And now, with Canadian Tire’s investment, the terminal has been endorsed by two major players. “It’s the absolute professional thrill of a lifetime to have the world’s largest container port operator partner with Canada’s largest container importer and watch the vision come and be built out. It couldn’t be more exciting,” Kleo says.
Understanding the customer
Getting to this point was not easy, she notes. “We have always taken the approach with our small team to sit down and say, ‘for an agricultural exporter, what are their biggest problems?’ We need to understand what those problems are. We need to turn over every rock of their issues in their industry and come up with opportunities.
“We need to do the same in mining, in forestry and oil and gas. We need to do it in import in containers. We need to understand everything we can about how shipping lines generate revenue and the problems that they face globally.”
But there’s the other side as well, Kleo points out. “Because we’re a rail terminal, we need to really understand rail. How do we make the railroads more efficient? How do we add revenue to the railroads, as opposed to trying to get in their way? How do we work together with the railroads?”
Meshing the needs of both sets of clients is the key to the terminal’s success, she asserts: “The challenges that we have forced ourselves to roll up our sleeves and understand are where you find your opportunities. And that’s always been our approach as entrepreneurs in this business. Takes a lot of passion, takes a lot of grit, and it takes a lot of determination.”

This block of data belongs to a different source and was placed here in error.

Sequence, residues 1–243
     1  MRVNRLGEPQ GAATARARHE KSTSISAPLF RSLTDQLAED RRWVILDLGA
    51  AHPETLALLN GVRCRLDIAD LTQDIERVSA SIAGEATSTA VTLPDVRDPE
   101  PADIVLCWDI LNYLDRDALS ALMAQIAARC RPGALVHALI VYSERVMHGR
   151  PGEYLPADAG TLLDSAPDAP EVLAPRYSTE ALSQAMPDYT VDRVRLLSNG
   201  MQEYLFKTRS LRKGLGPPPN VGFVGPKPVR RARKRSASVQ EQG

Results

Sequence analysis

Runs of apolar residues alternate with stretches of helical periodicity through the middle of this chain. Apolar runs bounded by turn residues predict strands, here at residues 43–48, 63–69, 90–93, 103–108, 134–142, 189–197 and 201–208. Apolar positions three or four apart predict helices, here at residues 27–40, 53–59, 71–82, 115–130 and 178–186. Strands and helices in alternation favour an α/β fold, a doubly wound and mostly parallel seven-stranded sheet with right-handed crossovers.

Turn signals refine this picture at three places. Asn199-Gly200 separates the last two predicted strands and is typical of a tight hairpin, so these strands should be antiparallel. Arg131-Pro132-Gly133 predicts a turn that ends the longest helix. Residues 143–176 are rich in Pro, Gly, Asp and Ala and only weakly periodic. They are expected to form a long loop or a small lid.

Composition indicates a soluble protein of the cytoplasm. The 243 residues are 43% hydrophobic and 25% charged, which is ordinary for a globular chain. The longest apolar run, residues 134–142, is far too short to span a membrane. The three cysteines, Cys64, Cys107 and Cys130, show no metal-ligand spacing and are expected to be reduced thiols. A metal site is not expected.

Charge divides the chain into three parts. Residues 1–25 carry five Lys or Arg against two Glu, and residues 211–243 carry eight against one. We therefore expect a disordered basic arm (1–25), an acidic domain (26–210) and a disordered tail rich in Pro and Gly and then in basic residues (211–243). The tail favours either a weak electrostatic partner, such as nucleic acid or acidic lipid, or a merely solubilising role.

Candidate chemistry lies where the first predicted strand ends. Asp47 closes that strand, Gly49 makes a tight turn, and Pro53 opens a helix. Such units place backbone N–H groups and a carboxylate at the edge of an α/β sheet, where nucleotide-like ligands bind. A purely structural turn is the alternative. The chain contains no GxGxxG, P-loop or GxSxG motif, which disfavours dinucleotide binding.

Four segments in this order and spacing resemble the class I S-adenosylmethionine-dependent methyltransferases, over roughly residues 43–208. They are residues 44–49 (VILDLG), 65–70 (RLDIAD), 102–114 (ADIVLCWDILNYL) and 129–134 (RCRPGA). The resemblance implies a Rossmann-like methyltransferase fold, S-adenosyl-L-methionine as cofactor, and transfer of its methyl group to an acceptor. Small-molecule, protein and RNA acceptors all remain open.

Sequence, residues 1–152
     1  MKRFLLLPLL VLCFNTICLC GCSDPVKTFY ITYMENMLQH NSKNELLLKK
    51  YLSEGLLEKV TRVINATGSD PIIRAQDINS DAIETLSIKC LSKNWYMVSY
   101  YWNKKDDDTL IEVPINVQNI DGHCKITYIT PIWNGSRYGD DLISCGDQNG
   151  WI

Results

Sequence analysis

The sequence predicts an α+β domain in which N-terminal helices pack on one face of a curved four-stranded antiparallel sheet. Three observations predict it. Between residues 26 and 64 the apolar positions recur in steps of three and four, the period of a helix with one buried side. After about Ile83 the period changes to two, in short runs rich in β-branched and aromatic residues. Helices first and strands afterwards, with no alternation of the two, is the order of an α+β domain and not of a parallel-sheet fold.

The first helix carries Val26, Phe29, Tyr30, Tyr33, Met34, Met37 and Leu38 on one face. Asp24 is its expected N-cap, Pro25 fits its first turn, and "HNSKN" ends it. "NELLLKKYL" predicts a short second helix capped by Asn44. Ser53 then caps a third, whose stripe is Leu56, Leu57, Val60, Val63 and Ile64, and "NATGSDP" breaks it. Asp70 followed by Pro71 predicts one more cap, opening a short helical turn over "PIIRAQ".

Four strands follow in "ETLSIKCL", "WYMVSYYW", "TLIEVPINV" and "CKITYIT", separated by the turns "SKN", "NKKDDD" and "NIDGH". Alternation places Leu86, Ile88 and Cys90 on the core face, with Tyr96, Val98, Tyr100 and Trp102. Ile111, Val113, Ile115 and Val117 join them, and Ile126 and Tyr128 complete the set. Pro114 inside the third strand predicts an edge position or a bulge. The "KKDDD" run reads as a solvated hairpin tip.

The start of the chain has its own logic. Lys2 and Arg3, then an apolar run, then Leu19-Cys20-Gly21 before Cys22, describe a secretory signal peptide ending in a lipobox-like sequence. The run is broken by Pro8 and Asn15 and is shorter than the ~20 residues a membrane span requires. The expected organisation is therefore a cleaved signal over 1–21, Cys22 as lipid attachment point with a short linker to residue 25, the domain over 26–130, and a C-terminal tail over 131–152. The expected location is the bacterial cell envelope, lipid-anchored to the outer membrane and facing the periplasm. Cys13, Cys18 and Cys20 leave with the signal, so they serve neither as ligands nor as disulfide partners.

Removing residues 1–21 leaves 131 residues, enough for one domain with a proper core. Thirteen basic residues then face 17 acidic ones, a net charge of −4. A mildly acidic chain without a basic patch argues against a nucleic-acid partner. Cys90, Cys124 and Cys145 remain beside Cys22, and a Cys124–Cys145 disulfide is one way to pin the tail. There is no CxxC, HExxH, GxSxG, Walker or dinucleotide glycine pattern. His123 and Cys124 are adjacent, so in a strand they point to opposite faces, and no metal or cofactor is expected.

Kleo says operating the terminal is endlessly interesting because of the exposure to so many different industries. “The real thrill of this industry and of this specific business is getting to be exposed to all of it. It’s impossible to get bored because there’s so much to learn. And just when you think you have something figured out, you’re wrong, you’ve got more to figure out. And that’s really been our motto: keep looking harder, think more strategically, work hard and longer, and keep going.
“And it’s been a very exciting ride and we’re far from being done, but we’re thrilled now to be able to do it with our two big partners and still be involved in the business in a smaller way, but still there.”
Reflecting on the larger supply chain afflictions resulting from the Covid-19 pandemic, Kleo says the terminal’s inland location is proving to be even more of a benefit. “When you see disruptions in a supply chain, especially here on the west coast of British Columbia, you need to have resilient strategic locations that can be a relief valve. Whether it’s excess product on the container side or bulk, exports or imports, it’s critical to have those strategic locations. It’s especially important when you have the geographic and topographic challenges that come with the way our infrastructure in Western Canada has been built. At Ashcroft, we’ve always aimed to be that relief valve.”
Although Kleo has left her role in the day-to-day management of Ashcroft Terminal, she remains closely involved in the terminal’s board. “If you cut me, I will bleed Ashcroft Terminal until the day I die. I have a lot of passion for the railroad industry. I have a lot of passion for supporting opportunities for Canadian exporters and importers,” she says. “That is what makes my blood flow: what more can we do for finding supply chain efficiency and reducing costs and making sure that Canada stays as competitive as possible?”